Get started with SOFARPC

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Update time: 2024-04-10

This document introduces how to apply SOFARPC for service publishing and reference. This example will simulate a server locally to listen to a port and publish a service, and the client will reference the service for direct call.

You can get the code sample of this document by clicking here.

Create a project

You need to install JDK 6 or above and Maven 3 or above.

Create a new Maven project and introduce SOFARPC dependency.

<dependency>
    <groupId>com.alipay.sofa</groupId>
    <artifactId>sofa-rpc-all</artifactId>
    <version>latest version</version>
</dependency>

Note: The latest version can be found at https://github.com/sofastack/sofa-rpc/releases.

Write a server implementation

Step 1: Create interface

/**
 * Quick Start demo interface
 */
public interface HelloService {
    String sayHello(String string);
}

Step 2: Create interface implementation

/**
 * Quick Start demo implement
 */
public class HelloServiceImpl implements HelloService {
    @Override
    public String sayHello(String string {
        System.out.println("Server receive: " + string);
        return "hello " + string + " !";
    }
}

Step 3: Write the server code

/**
 * Quick Start Server
 */
public class QuickStartServer {

    public static void main(String[] args) {
        ServerConfig serverConfig = new ServerConfig()
                .setProtocol("bolt") // Set a protocol, which is bolt by default
                .setPort(12200) // set a port, which is 12200 by default
                .setDaemon(false); // non-daemon thread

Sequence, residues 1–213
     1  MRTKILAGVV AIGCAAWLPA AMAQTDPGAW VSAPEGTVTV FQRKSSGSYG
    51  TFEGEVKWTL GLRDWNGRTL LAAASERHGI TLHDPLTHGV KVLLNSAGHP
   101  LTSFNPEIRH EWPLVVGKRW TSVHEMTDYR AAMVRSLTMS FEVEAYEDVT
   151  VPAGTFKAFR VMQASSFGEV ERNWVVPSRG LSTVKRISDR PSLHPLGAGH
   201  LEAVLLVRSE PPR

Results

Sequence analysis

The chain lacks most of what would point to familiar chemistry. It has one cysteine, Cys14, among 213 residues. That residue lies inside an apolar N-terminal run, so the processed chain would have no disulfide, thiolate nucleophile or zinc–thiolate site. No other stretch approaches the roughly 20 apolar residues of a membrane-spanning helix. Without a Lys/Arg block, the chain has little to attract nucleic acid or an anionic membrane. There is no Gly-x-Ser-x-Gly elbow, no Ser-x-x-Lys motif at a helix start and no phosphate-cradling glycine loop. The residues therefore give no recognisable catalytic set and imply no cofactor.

ProviderConfig<HelloService> providerConfig = new ProviderConfig<HelloService>()
                .setInterfaceId(HelloService.class.getName()) // Specify the interface
                .setRef(new HelloServiceImpl()) // Specify the implementation
                .setServer(serverConfig); // Specify the server

        providerConfig.export (); // Publish service
    }
}

Write a client implementation

Step 1: Get the server interface

In general, the server provides the interface class to the client in the form of jar. In this example, this step is skipped since the server and client are in the same project.

Step 2: Write the client code

/**
 * Quick Start client
 */
public class QuickStartClient {
    public static void main(String[] args) {
        ConsumerConfig<HelloService> consumerConfig = new ConsumerConfig<HelloService>()
            .setInterfaceId(HelloService.class.getName()) // Specify the interface
            .setProtocol("bolt") // Specify the protocol.setDirectUrl
            .setDirectUrl("bolt://127.0.0.1:12200"); // Specify the direct connection address
        // Generate the proxy class
        HelloService helloService = consumerConfig.refer();
        while (true) {
            System.out.println(helloService.sayHello("world"));
            try {
                Thread.sleep(2000);
            } catch (Exception e) {
            }
        }
    }
}

Run

Start the server and client separately.

The server outputs:

Server receive: The world

The client outputs:

hello world !

More

For more examples, please refer to: example